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Independent School Magazine

Independent School Parent

The Pollyanna Effect

What Parents of Color Need to Know to Navigate Independent Schools

Fall 2013

​In independent schools, parents of color tend to do fine with the spoken truths. It's the unspoken truths that cause the most confusion and misunderstanding. In particular, the Pollyanna Effect — the tendency for schools to wrap their messages so nicely that you don't hear their actual concerns — throws many parents of color for a loop.

An example of the Pollyanna Effect? A teacher wants to tell you about some struggle your daughter is having in a class. You are "invited" to meet with the teacher, who first goes out of her way to highlight the wonderful qualities your daughter possesses, then adds something else about your daughter in such a kind way that you leave the meeting thinking all is right with the world. You may even leave wondering why you met at all. Is this just what they do at these schools? All in all, you take it all in stride because you are new to the community, you want to belong, and you don't want to make waves.

The school, however, has a different view. It hopes that, despite the kind words offered, you heard that your child is disorganized, needs help with reading, and is persistently disruptive. The language may have been polite, but the expectation is that you now seek outside help to correct the problem (e.g., hire a tutor or therapist), talk to your daughter about her behavior, or work more collaboratively with the school to address the issue going forward.

Through the teacher, the school believes it has delivered the message in a transparent and supportive manner. The teacher began with the positives because he has been trained to have a strengths-based approach to supporting children. Any sugarcoating of the message was simply a display of the school's sensitivity and care. Isn't that part of what drew you to the school in the first place? Beyond the desire to do what they think is best for your child, the school administrators and teacher are also relieved. The meeting went well. You didn't seem upset — and they believe you got the message and will take whatever action was proposed.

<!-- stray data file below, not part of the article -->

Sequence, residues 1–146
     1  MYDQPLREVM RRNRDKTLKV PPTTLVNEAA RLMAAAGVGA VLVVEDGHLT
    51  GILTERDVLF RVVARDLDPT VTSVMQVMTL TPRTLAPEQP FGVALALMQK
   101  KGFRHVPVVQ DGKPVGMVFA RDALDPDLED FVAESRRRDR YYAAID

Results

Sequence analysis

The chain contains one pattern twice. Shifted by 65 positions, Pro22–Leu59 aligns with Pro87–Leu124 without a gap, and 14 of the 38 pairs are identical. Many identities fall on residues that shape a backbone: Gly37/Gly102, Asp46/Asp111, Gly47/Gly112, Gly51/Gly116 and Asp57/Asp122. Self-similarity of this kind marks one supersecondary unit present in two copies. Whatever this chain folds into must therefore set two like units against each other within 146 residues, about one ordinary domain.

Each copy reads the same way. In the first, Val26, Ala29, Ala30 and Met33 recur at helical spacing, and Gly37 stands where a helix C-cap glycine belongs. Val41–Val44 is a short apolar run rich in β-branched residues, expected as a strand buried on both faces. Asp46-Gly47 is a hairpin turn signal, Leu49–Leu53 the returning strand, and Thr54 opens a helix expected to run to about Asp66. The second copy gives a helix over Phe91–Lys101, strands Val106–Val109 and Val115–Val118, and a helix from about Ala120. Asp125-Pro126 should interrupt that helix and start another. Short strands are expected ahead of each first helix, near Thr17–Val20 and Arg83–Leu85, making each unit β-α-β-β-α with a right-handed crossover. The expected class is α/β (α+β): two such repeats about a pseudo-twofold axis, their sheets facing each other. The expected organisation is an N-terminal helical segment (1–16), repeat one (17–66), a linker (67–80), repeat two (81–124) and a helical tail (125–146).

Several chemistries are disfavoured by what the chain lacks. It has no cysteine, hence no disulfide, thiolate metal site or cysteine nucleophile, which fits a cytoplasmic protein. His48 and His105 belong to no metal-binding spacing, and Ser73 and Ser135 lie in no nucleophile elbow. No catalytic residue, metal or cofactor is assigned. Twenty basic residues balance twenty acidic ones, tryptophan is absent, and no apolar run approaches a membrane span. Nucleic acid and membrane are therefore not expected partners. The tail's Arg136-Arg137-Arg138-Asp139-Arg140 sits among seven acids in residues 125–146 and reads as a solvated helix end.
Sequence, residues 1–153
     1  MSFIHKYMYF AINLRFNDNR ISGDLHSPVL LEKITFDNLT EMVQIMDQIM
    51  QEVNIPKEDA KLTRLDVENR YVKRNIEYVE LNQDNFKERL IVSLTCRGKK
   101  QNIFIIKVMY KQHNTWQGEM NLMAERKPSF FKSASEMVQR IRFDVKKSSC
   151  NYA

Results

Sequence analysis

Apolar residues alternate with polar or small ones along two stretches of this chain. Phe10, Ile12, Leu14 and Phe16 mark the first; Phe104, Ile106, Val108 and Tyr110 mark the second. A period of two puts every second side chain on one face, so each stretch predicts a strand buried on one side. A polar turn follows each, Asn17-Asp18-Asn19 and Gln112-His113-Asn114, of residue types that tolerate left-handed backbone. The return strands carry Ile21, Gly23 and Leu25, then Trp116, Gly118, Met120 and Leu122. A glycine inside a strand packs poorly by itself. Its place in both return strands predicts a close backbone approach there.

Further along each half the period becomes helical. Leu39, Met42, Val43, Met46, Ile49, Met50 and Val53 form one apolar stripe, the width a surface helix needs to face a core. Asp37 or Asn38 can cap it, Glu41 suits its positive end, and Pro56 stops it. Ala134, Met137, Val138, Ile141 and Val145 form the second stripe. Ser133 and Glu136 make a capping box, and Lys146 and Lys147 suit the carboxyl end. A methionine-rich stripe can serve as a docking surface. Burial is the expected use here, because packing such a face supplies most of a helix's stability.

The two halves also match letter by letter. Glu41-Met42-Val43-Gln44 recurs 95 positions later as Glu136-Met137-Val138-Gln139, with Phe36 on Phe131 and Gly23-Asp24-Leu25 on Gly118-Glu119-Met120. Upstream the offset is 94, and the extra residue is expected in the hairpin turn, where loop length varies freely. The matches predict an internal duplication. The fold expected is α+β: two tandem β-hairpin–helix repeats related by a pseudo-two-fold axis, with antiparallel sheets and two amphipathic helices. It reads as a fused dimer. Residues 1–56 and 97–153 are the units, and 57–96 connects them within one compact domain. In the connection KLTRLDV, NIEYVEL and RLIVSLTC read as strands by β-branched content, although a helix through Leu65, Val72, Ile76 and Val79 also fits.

But you didn't get the message and don't know that the school now expects you to act. And this leads to greater confusion. The school wonders why you didn't do X — and you wonder why the school can't be clearer about its concerns and wishes.

Why doesn't the school tell you more clearly that there is a problem? Mainly because the adults in the school don't know you well and don't want to offend you. They may not want to tell you that your child's previous public education is inferior. Maybe your daughter is significantly behind other students and they are rethinking whether she can catch up. In their concern about her academics, they don't know if they can ask you to work with her because they don't know if you have the ability to do so. They don't specifically mention tutoring because they don't know if you can afford tutoring. They are uneasy about saying something that draws attention to possible economic disadvantage. In their worry about behavior, they don't know if they can call your daughter on her disruptive behavior or on the language she uses because the school is not sure if that is part of your "culture."

Ironically, the miscommunication created from trying to be unbiased with regard to class, ethnicity, race, and culture can actually result in awkward, biased behavior. The lack of clarity can leave the school thinking it has shared a problem that parents will now act upon, while you walk away thinking everything is basically OK. The unfortunate result can be the accidental affirmation of the school's repressed fears.

What is the solution? If you are "invited" to a meeting, know that it's not really an invitation, but a requirement — and that, however kindly a teacher speaks, he or she has serious concerns about your child's education and expects you to be a partner in addressing those concerns. At any meeting with your child's teachers, therefore, you need to ask for clarity. Be sure you understand the concerns on the table, and what needs to happen next. After the meeting, assuming you agree, follow up with the action steps the school suggests. The more long-term solution is a partnering between school and parents in order to know one another better and to work toward the same end: nurturing all children to reach their potential.

The more you understand about the school's culture, the more you can work with the school on behalf of your child.

Pamela Brown is an educational psychologist at Springside Chestnut Hill Academy (Pennsylvania). She also maintains a private practice that includes providing consulting services.

 
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